Apart from budding architects and engineers, Project Little Dream also has volunteers who major in education and healthcare. One problem that the project team has found in rural Cambodia is that most English language teaching materials are donated from the western world and as such the content is alien to children who are growing up in a very different context. Therefore, the education major students are now tailoring an English language learning curriculum that will specifically meet the needs of Cambodian school children. Meanwhile the healthcare majors teach the locals basic medical care.
The project volunteers go to Cambodia every summer during which they would partner with a local non-governmental organisation to identify which village they should go to for the next project. They would then go to the village in October to finalise the project details and construction would take place soon after in December and January.
The first chunk of money that Nelson spent on volunteering came from his parents. The money was returned after he saved enough from working part-time.
“My parents were not impressed. They thought Cambodia has many prostitutes. I kept telling them that is not true. They’re not happy I’m spending Christmas and New Year at home. They want the whole family to be together for the festivals.”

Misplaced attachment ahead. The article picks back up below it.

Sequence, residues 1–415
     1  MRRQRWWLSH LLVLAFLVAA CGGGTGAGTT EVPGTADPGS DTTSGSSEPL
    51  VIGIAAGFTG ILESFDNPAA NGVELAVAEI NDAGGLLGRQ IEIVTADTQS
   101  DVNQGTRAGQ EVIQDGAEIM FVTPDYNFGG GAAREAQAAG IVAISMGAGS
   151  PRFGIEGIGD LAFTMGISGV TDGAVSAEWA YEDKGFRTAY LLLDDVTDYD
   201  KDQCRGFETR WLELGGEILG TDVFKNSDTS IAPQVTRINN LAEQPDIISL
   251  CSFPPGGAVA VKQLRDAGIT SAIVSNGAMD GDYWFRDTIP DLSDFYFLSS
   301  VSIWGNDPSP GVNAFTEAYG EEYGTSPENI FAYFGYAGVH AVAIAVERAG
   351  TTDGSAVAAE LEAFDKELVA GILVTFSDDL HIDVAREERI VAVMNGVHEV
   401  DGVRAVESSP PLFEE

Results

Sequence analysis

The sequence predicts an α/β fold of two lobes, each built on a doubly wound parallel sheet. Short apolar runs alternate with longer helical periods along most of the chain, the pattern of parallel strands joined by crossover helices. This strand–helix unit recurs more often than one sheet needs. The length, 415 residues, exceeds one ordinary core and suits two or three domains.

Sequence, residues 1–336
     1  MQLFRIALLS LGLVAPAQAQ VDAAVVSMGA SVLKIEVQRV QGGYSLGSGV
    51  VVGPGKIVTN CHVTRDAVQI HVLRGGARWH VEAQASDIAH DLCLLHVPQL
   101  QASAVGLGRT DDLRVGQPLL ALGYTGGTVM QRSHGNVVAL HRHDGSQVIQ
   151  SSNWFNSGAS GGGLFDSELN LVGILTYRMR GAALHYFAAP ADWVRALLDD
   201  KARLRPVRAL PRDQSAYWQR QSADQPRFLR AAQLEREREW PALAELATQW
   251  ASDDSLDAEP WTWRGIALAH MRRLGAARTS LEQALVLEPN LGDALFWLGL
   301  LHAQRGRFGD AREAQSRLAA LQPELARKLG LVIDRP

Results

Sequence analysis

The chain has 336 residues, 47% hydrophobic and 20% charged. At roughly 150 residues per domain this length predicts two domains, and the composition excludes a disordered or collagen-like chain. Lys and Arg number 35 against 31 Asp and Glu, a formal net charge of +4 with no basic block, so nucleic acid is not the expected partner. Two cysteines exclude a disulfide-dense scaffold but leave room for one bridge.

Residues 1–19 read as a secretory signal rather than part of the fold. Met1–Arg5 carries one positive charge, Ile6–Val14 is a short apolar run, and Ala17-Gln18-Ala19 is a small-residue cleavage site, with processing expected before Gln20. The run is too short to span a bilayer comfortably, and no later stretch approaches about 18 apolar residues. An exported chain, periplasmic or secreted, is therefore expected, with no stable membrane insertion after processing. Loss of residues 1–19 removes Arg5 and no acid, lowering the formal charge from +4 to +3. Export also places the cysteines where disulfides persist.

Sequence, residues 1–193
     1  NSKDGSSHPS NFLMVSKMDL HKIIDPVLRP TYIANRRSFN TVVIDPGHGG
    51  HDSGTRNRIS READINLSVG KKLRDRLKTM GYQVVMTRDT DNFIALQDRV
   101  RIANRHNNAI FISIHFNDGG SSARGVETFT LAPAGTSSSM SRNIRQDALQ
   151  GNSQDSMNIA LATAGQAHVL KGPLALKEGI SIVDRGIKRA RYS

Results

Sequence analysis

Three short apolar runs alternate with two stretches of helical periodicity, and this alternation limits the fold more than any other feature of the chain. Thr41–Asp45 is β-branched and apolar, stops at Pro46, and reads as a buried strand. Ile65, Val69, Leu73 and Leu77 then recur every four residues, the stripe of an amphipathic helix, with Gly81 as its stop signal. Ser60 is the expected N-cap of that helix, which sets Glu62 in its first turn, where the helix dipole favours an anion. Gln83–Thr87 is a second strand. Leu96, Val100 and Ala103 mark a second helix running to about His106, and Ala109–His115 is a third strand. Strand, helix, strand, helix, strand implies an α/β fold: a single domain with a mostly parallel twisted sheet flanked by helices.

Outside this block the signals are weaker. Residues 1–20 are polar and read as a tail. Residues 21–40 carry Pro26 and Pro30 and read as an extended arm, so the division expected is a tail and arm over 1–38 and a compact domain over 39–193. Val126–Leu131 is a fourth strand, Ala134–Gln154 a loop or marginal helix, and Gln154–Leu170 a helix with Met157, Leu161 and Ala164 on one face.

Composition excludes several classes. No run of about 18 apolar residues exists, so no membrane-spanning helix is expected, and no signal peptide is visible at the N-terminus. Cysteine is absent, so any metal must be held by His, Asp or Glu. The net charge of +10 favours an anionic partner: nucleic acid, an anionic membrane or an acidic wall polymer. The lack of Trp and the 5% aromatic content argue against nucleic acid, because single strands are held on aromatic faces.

The December just past was the first time in the past four years Nelson stayed in Hong Kong for Christmas. But as soon as the public holidays were over, he packed his bags and dashed off to Cambodia again. By the time you read this story, Nelson will have built his third school, and which is going to be the first two-storey structure the charity has ever built.
The excitement that Nelson gets from being able to actually build something and experiencing a new culture has gradually turned into a yearning for simplicity and a return to the basics. “In Cambodia, I’ve learnt to slow down. I can’t rush. No one can rush. There is no electricity. So when the sun falls, we have to stop working. We start at dawn and stop at five.”
He also recalled that on his first visit to rural Cambodia, there was no Wi-Fi in the town where he stayed. “It was cool, I was cut off from Hong Kong completely. I could be very focused and I could concentrate on my work very well.”
Nelson and his peers from the charity stay at the same guesthouse every time they visit Cambodia. Though the guesthouse has air conditioning, the volunteers went for the basic option of a fan; they want their experience to be as close to how the locals live as possible. Because school-building in rural Cambodia is not a one-way charity effort, the young people from Hong Kong believe that they're also learning from those who receive their help.
Q: What do you like the most about Hong Kong?
A: The energy and the competitive spirit of the place.
Q: What do you dislike the most about Hong Kong?
A: The poor quality of our public space. Hong Kong is densely built so our homes are small. Well, small homes don’t necessarily mean a low quality of living if there’s inviting public space where we can go to enjoy and relax, yet our streets and parks are restrictive. We’re not encouraged to spend time in and enjoy public spaces.
Q: What does Hong Kong have to do to be sustainable?
A: We deserve more parks and public spaces that we can enjoy and relax in. This is very important to Hong Kong in the long run. Hong Kong people travel and we know how well other places are doing, say the Scandinavian cities or Taiwan. Many young people will leave Hong Kong for a higher quality of living elsewhere. This is why we always hear some people say they want to move to Taiwan.